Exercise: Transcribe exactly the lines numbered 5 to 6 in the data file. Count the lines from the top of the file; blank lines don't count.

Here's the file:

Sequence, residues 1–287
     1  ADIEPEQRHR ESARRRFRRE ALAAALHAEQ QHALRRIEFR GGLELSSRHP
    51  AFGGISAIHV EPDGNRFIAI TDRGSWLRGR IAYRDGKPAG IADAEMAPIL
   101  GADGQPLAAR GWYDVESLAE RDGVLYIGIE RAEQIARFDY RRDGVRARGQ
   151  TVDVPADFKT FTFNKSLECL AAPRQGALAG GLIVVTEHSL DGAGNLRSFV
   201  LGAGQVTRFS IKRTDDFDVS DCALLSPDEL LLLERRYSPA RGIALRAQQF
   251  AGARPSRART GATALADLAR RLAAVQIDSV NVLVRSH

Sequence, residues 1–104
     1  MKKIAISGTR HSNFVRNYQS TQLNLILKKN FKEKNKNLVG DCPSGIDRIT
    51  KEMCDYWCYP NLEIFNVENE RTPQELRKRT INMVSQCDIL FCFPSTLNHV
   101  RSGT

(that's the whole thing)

   151  TVDVPADFKT FTFNKSLECL AAPRQGALAG GLIVVTEHSL DGAGNLRSFV
   201  LGAGQVTRFS IKRTDDFDVS DCALLSPDEL LLLERRYSPA RGIALRAQQF